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Child’s first phone: what to consider and what to choose

If you’re buying a first phone for a child there are a lot of things to consider, including what you want them to be able to use it for, how much control you want over it, and how much you want to spend.

We’ll look at all of these considerations and more below, then further down we’ve selected some great smartphone options that are worth checking out.

Finally, we’ve taken a look at the types of plans that might be best for a child. So armed with all of this information you should be ready to choose a first phone and plan for your child.

Things to consider

Below we’ve covered all the key things that you should consider before buying the first phone for a child.

What’s the phone for?

The first thing to consider is what you actually want your child to be able to do with their phone. If it’s just for calling and texting, then a feature phone or something even more basic could be a better choice than a smartphone, especially if you don’t want them to have internet access on the device.

But perhaps your child is a little older, or you want their phone to act as a source of entertainment too, in which case a smartphone with access to apps and games could be a better choice.

Also consider how you prefer to communicate – phone calls and texts might be fine, but perhaps you prefer WhatsApp or Skype, so getting a phone that can run those could be worthwhile. Similarly, if you want them to be able to communicate or play with their friends on their phone, then one that runs the relevant apps and games is key.

Generally this just means choosing a smartphone over a dumb one, but there are some differences in app availability on different operating systems (most notably when choosing between Android and iOS). Equally, if you want them to be able to play popular games like Fortnite Mobile, then it’s worth choosing something with respectable power, so that it can run these games well.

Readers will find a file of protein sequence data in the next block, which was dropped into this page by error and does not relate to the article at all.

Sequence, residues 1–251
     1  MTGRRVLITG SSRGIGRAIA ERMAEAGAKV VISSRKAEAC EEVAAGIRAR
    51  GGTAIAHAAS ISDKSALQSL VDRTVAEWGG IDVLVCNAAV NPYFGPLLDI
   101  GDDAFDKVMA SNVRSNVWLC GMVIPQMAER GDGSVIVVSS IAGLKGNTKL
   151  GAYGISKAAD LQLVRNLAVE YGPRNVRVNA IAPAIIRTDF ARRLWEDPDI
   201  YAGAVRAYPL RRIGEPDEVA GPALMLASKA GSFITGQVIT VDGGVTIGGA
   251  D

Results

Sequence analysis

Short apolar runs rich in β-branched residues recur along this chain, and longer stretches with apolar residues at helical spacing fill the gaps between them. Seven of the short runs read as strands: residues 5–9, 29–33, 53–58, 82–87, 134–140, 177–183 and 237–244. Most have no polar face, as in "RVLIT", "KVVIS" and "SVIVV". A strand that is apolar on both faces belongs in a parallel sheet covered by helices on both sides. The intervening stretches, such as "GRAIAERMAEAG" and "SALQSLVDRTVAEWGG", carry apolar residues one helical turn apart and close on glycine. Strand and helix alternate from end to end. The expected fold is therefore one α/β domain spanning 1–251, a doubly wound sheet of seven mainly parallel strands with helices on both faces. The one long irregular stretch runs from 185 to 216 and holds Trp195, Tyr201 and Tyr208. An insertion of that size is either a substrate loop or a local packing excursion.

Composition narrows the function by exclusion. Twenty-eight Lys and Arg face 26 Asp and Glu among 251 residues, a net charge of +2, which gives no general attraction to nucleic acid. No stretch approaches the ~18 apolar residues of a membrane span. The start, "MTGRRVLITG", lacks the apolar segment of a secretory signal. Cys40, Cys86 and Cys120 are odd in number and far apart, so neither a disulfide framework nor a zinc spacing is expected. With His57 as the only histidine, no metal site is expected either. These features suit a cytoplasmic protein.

Do you need something that’s built to last?

Another thing to consider – particularly for younger children – is the durability of the device. Kids aren’t always careful, and phones can be fragile, so choosing something rugged could be smart. Or if you don’t need loads of apps then more basic phones tend to be hardier too.

Things to look out for here include the build of the body, with plastic typically being tougher than glass, and the protection used on the screen. If the specs list Gorilla Glass then that’s a good start, but the larger the number after that name the better, with Gorilla Glass Victus being better still (as of 2021). Or if you’re buying an iPhone, then the iPhone 12 range onwards sports Ceramic Shield, which is theoretically even tougher.

Whether the phone has water or dust resistance is worth considering too, with an IP68 rating typically being the best you can hope for on this front. That’s enough to submerge the phone 1.5 metres deep in water (or even more in some cases) for up to 30 minutes. Some rugged phones have additional durability specs, such as military certifications and drop tests, so these are all things to look out for too.

Battery life, parental controls, and price

Other things to think of are battery life, especially if they’re likely to forget to charge it, and parental controls, if you want additional input on what your child uses the phone for. With smartphones you can get apps like Kids Place Parental Controls that add controls, and some phones even come with parental controls built in. With less smart handsets though your options can be more limited – but then so is the phone itself.

And finally, it’s worth considering how much you actually want to spend on a phone for you child. If it’s something only to be used in emergencies, then a cheap handset might be best. That’s also true if there’s much danger of your child breaking it, or quickly outgrowing it and wanting something more advanced.